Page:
Background: Many interventions aim to alleviate well-documented problems of malnutrition in residential care homes and improve residents’ health and wellbeing. Despite some positive findings, little is known about how and why mealtime interventions might be effective, and in particular, what effects residents’ experiences of mealtimes have on health outcomes. The aim of this study was to gain an insight into these experiences and explore some of the issues that may impact on residents’ enjoyment of meals, and resulting health and wellbeing. Methods: Semi-structured interviews were conducted with eleven residents from four care homes in the South West UK. Thematic analysis was used to derive content and meaning from transcribed interviews. Interviews were supplemented by researcher observations of mealtimes.Results: The dining experience was a focal point for participants’ broader experiences of residing in a care home. Three themes pertaining to residents’ experiences were identified: (1) Emotional and psychological connections with other residents; (2) managing competing interests with limited resources; and (3) familiarity and routine.Conclusion: Mealtimes are a mainstay of life in a care home through which residents’ experiences are characterised, exemplified and magnified. Understanding how residents interact with one another, accommodating their preferences and encouraging autonomy may enhance their mealtime experiences. It may also help to ease the transition from independent-living to life in care, which can be particularly stressful for some residents, and improve health and wellbeing over the long-term.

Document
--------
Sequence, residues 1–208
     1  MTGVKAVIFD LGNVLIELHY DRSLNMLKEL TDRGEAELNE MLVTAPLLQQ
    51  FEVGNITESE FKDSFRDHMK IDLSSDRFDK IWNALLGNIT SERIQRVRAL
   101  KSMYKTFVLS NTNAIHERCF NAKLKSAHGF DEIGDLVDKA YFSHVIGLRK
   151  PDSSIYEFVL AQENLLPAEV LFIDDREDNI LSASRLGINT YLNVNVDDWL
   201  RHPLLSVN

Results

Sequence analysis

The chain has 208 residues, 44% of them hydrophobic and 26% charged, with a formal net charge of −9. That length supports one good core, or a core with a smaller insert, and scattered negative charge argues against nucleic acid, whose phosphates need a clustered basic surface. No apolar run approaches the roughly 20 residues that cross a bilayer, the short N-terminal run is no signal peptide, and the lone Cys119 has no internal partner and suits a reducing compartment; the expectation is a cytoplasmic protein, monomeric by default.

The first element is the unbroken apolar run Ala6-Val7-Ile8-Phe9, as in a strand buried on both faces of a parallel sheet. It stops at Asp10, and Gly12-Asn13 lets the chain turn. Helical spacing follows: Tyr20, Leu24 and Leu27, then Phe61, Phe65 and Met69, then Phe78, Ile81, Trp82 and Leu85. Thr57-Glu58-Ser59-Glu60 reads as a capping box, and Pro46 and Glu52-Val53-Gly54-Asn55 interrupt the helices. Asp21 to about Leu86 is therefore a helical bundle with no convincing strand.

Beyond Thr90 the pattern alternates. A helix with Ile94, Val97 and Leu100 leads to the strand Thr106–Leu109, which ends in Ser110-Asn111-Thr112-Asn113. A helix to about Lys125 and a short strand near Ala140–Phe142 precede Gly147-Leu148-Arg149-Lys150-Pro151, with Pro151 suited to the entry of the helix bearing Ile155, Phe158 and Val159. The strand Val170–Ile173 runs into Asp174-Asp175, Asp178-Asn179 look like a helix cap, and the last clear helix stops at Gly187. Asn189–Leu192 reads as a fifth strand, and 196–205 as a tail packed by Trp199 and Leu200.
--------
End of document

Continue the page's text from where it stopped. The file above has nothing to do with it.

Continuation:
- Mealtimes, Older adults, Residential care, Semi-structured interviews